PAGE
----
Study Finds Sports Bettors Scaling Back In Late 2022

Almost half the U.S. bettors cut back on discretionary spending in the fourth quarter of 2022, according to a TransUnion Study. Millennials showed the largest decline but are also the most likely to recover.

Study Finds Sports Bettors Scaling Back In Late 2022

Millennials and high value bettors may show signs of a decline in their online sports wagers, but they also represent the bright spot in the betting universe, according to a TransUnion Study.

Overall, the study showed that fewer Americans wagered online in 2022 in part because of concerns over a recession. The Consumer Pulse Online Sports Betting Study showed that 49 percent of U.S. bettors  reduced discretionary spending in Q4 2022. In addition, the number of consumers participating fell from 19 to 11 percent, according to PlayUSA.

The study, conducted from November 1 to 9 in partnership with Dynata, included 2,835 adults.

The biggest drop off came from Millennials. The research concluded Millennials and high-value bettors were key segments of the online gaming industry. They also tend to have higher income levels.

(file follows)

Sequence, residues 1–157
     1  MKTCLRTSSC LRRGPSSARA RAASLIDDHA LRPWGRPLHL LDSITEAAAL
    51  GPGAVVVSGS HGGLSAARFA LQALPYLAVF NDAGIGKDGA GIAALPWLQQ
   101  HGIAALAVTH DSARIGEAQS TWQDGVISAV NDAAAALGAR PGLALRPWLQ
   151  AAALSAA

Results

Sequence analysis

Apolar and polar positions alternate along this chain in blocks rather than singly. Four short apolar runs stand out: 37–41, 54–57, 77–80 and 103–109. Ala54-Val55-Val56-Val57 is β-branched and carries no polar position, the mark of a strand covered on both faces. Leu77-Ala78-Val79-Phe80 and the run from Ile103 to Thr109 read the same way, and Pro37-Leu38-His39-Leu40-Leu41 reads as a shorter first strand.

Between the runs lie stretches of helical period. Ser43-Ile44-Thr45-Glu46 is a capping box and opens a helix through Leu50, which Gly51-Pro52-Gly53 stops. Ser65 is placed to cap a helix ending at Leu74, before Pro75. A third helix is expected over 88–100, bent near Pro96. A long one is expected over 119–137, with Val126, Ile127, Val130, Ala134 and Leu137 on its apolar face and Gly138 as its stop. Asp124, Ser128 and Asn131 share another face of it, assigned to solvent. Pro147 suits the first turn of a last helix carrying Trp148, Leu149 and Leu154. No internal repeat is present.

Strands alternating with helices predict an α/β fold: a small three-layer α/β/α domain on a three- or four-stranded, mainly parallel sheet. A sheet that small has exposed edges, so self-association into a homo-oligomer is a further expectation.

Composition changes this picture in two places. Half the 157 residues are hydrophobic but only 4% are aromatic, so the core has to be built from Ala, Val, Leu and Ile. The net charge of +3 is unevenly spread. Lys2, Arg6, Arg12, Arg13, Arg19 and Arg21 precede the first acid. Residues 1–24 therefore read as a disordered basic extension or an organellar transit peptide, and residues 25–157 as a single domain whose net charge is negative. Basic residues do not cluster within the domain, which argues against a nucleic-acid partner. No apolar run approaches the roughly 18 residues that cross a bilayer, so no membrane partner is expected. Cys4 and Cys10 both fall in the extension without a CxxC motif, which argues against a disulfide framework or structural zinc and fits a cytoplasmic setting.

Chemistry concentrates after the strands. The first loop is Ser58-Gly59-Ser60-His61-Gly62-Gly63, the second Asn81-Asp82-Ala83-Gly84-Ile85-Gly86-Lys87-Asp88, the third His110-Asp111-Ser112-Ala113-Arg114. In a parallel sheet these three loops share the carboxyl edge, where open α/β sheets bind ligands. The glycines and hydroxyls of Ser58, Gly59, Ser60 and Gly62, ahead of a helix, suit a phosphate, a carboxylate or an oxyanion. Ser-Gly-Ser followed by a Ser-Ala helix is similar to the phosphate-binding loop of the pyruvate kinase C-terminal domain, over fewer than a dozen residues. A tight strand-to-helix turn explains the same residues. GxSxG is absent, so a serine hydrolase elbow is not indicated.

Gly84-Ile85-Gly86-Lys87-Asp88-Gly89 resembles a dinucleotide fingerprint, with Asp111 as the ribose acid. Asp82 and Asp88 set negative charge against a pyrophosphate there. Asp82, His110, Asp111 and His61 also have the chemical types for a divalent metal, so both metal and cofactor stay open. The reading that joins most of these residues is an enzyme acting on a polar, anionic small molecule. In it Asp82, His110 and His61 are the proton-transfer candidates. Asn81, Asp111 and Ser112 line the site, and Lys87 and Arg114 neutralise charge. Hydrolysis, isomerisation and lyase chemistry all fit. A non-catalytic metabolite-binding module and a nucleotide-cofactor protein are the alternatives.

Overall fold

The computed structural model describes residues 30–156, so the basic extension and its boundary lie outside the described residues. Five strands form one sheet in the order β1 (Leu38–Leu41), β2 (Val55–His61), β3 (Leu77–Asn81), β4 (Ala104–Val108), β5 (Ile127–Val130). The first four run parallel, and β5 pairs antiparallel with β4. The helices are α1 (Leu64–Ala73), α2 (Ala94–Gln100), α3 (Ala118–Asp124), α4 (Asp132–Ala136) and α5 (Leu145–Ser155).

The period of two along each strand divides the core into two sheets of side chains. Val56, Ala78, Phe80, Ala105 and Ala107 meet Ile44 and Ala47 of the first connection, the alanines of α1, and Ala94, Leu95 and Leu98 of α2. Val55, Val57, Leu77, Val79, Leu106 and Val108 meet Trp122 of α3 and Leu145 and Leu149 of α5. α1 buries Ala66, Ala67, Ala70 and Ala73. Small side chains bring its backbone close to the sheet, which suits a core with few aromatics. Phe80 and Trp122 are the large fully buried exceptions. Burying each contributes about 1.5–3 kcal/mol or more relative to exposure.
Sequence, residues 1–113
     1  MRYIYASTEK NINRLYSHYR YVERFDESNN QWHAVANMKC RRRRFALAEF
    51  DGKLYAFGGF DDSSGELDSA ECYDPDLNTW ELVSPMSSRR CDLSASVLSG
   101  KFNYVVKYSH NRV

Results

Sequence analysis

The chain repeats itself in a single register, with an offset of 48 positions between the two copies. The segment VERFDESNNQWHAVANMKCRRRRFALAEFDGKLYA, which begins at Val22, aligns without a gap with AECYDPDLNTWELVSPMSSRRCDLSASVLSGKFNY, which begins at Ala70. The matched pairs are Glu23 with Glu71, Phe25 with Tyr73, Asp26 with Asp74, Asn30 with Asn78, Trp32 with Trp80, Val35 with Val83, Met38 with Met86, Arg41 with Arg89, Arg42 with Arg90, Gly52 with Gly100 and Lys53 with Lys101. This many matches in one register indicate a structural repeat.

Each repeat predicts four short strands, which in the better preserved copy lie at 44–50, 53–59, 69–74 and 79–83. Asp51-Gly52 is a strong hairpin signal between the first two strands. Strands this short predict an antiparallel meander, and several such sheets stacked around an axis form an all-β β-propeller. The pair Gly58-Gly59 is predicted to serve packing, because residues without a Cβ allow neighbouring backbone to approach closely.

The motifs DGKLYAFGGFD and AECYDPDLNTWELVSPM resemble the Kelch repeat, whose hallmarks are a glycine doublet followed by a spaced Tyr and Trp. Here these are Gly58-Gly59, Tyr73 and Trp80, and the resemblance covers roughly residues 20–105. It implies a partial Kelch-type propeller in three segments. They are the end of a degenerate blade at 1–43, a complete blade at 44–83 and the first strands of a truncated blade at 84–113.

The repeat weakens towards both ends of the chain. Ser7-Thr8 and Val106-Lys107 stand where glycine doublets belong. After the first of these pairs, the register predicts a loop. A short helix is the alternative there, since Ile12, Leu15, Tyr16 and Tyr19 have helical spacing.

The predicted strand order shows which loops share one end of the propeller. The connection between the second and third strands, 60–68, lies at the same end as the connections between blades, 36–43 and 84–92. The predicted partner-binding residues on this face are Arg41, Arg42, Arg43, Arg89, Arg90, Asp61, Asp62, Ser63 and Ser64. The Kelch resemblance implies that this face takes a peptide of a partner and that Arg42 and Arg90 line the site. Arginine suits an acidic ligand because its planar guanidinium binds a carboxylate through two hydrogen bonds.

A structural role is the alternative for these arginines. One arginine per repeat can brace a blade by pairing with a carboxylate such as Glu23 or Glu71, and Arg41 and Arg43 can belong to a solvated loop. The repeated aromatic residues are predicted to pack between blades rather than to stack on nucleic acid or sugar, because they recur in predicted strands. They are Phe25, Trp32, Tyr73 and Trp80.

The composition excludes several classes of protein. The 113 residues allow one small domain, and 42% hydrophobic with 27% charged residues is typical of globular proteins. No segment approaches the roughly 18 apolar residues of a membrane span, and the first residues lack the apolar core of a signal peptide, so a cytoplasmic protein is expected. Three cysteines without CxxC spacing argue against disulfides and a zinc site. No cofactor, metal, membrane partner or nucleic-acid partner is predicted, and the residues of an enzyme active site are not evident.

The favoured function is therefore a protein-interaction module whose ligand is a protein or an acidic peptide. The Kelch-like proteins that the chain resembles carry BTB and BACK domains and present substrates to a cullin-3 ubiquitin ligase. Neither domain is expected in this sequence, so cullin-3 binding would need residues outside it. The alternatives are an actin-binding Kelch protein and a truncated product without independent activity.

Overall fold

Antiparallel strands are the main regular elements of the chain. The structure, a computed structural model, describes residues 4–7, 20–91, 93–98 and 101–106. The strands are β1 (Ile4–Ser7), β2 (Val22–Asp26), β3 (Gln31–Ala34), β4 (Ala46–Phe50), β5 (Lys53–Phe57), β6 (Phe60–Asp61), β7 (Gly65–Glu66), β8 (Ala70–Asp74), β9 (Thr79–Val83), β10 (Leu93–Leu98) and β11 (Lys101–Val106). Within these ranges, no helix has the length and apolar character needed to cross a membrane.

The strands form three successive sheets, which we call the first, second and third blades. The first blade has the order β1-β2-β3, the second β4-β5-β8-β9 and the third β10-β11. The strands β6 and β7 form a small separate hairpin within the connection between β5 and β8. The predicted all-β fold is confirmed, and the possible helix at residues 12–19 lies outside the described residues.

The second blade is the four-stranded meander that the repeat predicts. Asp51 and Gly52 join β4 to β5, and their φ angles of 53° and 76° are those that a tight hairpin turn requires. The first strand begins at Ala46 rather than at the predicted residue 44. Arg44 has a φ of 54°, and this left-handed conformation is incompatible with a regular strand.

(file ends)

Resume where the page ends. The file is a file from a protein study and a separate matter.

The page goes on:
Millennials, who represent the largest portion of bettors, saw wagers fall from 38 percent in Q2 to 22 percent in Q4.

“While Millennials and high-value bettors have held back from gaming, operators should focus their efforts to stay engaged with them,” Declan Raines, head of U.S. Gaming at TransUnion, said. “These groups are a key market segment and, given their optimism for personal finances over the next 12 months, are much more likely to become return players when the economy bounces back.”

High-value bettors are also optimistic about their financial future.

Despite low numbers, there may be a silver lining for the industry. For example, the study found that sports bettors were more likely to express optimism about their income over the next 12 months.

The findings show that high-value bettors are more resilient than sports bettors in general and non-sports bettors. That includes:

  • • Levels of income
  • • Optimism over future income
  • • Increased discretionary spending

However, this group also shows greater signs of distress, with increased usage of retirement savings and intent to cut back on nonessential spending. High-value bettors also increased their use of available credit.

Millennials have higher incomes and more discretionary spending budgets than other generations. U.S. sports betting operators need ways to keep this group interested in the industry.

As Raines concluded: “Mobile sports bettors are not monolithic, especially in the high-value segment. As operators are focused on acquiring and retaining a sustainable pool of players, they’ll need access to rich data sources to help them identify sustainable players.”